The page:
Last week, I came across an interesting article in Greater Greater Education, which considered the unintentional effects of emphasizing equality (and not necessarily equity) in education. Setting aside the conversation about whether our country’s attempts at providing an “equal education” are, in fact, equal, the author offers thought-provoking commentary on the philosophical and pragmatic tensions of a education focused on college preparation versus a more practical post-graduate path (equality vs adequacy).
While not offering a solution to this inherent conflict, the piece considers why equality in education is failing many of our public school students and not preparing them for the realities of working life:
…Only 32% of young adults complete an undergraduate degree by 29, meaning the vast majority of high school students need preparation for a decade or more of life without any further education. These students…need classes that prepare them to navigate government programs, secure employment, understand the contracts they sign, nurture relationships and build a family. They need to be taught about the structure of the US workforce, and what the requirements are on paper and in practice to advance in different industries. They need to be taught consumer financial skills.
On the other hand, free education is seen as the “great equalizer” in American society – the only opportunity equally afforded to all children regardless of race, class, gender, ancestry, disability, or any other status. Many first-generation college-bound students only learn about opportunities to climb the ladder from that one dedicated teacher or guidance counselor at school. Ideally, any student who is presented with these opportunities and encouraged enough would pursue the college dream, succeed, graduate, and provide a strong and supportive environment for her children to do the same. At least in theory, this is how marginalized and disadvantaged groups gain a greater level of wealth, power, and status within society.
In practice, many of us know this isn’t true. Public education has existed in this country for over 150 years, and yet the system has promoted institutionalized biases for much of that time – against women, minorities, and immigrants, among other groups. How do we recognize the failings in our current system of public education, while preserving its idealistic integrity, and equitably meet the needs of all students?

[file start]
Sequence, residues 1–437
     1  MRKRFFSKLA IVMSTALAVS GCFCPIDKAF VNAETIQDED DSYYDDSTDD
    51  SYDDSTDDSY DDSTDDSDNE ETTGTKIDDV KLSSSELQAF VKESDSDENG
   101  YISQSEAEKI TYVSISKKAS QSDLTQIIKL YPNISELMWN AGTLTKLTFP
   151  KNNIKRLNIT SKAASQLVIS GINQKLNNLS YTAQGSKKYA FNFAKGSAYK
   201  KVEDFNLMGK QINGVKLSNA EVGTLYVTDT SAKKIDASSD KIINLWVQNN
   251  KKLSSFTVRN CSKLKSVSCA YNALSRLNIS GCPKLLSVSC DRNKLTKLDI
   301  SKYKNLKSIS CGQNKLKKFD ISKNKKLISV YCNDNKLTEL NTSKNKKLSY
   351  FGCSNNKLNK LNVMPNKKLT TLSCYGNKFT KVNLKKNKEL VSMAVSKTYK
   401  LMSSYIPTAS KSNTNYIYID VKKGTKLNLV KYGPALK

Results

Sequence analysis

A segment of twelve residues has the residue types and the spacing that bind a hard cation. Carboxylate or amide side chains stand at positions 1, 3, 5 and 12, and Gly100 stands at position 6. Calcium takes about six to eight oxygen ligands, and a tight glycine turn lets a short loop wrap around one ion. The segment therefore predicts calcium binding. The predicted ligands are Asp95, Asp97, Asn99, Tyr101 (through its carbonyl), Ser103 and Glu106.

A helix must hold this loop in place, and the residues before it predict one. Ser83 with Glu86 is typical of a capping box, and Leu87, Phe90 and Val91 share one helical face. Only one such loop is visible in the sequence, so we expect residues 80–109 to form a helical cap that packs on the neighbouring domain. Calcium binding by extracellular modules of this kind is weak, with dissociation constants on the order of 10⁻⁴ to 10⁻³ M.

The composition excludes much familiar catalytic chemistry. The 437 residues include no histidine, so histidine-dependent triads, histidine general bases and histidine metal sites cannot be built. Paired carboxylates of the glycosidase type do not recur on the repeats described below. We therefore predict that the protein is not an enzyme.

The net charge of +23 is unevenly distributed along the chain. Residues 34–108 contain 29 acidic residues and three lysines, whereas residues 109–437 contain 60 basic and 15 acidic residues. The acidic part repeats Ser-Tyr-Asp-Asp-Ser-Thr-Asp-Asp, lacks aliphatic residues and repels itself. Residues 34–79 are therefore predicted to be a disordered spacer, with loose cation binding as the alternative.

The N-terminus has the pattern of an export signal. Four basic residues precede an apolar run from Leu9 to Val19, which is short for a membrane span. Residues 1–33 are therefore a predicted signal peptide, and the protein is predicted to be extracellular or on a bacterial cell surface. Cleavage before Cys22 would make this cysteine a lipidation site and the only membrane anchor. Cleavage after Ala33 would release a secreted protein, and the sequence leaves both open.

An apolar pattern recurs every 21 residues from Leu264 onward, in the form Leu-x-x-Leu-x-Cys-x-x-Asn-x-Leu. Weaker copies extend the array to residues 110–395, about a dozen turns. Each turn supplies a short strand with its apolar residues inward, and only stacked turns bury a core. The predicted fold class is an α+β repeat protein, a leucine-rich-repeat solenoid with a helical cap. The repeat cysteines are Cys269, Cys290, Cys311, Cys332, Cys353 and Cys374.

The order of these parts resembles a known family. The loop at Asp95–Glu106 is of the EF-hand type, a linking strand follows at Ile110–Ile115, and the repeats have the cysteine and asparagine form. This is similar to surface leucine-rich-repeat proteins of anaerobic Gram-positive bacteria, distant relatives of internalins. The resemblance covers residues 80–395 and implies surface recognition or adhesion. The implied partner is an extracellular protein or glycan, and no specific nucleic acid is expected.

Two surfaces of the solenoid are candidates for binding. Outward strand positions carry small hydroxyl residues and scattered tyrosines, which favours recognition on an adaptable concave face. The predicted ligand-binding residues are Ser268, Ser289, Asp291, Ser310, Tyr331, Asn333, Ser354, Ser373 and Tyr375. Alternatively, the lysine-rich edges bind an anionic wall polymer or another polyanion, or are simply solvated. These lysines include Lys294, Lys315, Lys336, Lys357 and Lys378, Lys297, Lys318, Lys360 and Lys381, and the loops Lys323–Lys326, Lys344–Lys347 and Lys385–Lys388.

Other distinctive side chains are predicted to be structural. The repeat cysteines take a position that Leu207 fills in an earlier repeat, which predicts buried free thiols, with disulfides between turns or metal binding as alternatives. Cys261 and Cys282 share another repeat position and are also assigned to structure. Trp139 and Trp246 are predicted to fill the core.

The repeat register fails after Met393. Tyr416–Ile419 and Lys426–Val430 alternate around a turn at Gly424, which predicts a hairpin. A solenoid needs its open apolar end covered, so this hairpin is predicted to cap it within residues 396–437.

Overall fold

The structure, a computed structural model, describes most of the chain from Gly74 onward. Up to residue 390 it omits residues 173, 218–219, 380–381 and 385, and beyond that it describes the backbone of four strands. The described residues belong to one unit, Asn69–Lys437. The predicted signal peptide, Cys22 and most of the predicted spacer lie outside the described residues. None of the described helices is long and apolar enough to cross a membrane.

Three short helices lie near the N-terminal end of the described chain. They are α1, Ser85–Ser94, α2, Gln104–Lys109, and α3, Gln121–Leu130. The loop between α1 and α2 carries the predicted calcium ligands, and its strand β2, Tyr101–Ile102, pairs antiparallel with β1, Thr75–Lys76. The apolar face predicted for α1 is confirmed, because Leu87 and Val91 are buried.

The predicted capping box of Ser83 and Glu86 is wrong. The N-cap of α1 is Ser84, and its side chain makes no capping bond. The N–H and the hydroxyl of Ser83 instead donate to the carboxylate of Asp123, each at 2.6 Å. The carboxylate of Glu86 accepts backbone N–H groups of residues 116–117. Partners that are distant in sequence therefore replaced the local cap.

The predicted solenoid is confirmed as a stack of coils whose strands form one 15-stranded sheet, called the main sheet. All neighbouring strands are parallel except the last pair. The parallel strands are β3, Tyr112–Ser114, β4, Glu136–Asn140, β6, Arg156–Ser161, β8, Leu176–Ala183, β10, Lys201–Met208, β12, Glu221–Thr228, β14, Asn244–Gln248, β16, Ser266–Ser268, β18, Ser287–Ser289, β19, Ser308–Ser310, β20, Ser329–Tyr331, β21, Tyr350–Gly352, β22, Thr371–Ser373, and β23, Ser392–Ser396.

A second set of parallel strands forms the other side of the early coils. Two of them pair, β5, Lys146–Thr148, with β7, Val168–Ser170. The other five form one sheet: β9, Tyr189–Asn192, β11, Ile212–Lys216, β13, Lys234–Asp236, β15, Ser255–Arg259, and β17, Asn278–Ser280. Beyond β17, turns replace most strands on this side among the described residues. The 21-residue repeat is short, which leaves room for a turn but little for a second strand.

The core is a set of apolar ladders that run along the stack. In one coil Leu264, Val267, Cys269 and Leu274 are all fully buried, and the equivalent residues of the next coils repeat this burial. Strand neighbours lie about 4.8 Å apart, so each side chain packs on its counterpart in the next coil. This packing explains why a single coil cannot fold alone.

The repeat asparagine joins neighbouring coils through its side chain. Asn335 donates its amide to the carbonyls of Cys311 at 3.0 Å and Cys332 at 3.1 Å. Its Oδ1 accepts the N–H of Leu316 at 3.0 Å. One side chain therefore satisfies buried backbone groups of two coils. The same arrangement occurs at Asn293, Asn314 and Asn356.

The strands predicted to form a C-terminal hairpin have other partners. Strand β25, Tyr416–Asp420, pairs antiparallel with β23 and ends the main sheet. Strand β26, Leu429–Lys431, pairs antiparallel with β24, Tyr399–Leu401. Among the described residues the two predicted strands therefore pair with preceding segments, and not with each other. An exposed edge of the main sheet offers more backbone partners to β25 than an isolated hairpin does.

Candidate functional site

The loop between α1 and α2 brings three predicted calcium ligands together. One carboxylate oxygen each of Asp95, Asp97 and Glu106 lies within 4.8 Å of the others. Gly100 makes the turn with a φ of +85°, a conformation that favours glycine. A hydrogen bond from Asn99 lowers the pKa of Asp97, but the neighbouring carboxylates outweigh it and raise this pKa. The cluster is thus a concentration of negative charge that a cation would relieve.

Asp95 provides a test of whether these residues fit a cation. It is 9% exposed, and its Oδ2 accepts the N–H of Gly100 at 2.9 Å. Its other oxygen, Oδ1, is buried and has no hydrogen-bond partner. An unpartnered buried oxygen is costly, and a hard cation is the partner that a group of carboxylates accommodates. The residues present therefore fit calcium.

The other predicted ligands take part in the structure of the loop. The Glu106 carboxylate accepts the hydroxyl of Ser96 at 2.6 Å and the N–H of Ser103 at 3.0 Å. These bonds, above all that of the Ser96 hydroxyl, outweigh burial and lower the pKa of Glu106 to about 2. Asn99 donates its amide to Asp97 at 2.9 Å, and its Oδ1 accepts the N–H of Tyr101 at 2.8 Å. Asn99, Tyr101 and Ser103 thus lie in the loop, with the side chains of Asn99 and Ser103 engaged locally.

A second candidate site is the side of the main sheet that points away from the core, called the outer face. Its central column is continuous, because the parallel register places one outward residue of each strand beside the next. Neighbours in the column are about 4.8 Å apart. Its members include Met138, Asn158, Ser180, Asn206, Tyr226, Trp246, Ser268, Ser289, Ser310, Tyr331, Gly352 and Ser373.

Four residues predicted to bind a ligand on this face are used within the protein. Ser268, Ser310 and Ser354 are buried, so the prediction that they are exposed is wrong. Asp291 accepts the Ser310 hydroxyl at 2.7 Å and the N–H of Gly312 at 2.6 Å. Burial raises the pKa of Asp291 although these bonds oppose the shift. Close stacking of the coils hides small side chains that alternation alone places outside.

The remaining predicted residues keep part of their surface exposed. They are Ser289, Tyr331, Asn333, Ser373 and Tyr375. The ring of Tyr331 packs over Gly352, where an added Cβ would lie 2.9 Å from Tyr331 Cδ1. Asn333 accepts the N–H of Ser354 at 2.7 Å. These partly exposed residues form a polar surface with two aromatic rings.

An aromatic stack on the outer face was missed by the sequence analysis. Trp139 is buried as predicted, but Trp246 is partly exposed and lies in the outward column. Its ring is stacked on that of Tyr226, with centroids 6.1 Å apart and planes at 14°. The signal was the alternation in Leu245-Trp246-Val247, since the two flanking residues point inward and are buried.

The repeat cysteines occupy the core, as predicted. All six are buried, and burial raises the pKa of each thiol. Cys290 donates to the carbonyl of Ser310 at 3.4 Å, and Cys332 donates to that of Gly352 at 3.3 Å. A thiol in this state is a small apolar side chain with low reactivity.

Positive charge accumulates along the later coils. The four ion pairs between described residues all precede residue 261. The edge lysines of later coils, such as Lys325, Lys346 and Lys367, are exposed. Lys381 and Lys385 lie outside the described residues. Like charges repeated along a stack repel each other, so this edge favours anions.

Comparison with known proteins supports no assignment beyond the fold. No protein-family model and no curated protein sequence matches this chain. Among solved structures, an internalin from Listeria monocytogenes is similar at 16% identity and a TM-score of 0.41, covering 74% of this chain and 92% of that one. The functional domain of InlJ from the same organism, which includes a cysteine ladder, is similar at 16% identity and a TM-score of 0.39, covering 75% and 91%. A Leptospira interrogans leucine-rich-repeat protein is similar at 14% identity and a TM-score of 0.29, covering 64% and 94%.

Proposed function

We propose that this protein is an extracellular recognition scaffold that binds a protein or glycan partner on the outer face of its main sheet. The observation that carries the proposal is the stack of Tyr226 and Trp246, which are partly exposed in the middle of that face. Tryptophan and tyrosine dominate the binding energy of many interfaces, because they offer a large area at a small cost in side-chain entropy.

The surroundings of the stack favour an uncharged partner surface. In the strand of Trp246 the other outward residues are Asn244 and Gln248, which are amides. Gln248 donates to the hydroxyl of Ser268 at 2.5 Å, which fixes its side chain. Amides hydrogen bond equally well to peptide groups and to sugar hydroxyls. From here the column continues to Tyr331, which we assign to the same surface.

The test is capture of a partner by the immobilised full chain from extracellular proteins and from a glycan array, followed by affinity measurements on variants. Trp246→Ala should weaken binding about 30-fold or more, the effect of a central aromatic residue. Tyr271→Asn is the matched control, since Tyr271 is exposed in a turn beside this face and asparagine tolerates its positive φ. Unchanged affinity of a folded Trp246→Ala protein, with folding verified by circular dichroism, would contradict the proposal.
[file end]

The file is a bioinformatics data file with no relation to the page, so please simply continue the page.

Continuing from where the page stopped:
The nonprofit community has stepped up to tackle this challenge, providing educational enrichment programs that try to cover the spectrum of students’ needs. College prep nonprofits, like Collegiate Directions Inc, identify students who have high potential for success in college and offer them intensive support, beyond what public school can provide. The results are impressive, according to a recent opinion piece in the Washington Post:
Since we began in 2005, 98 percent of our scholars have graduated from four-year colleges within six years, compared with only 11 percent of low-income, first-generation students nationally, according to a 2008 Pell study. Our scholars exemplify how earlier intervention, personal advising and academic support are essential to finding, gaining admittance to and succeeding in a best-fit college.
Other nonprofits offer nontraditional high school programs that address head-on the reality that many students will face after graduation. For example, Youth Build Public Charter School prepares students for post-secondary education and the workplace by offering, in English and Spanish, academic, vocational and workforce development programs. The D.C. Students Construction Trades Foundation offers students the opportunity to explore a broad range of careers in the building industry and gain experience in those fields through a hybrid high school program.
As important as it is to strive towards the lofty goals of our public education system, it’s more of an injustice to our diverse student population today to ignore their realities. That doesn’t make the dilemma any less uncomfortable to face. We’re faced with providing a band-aid solution to overall economic inequality while our society figures out how to heal the deeper wounds. Ultimately, the patient can’t survive without either the band-aid or the surgery – something we shouldn’t forget when providing immediate solutions to education inequality in the United States.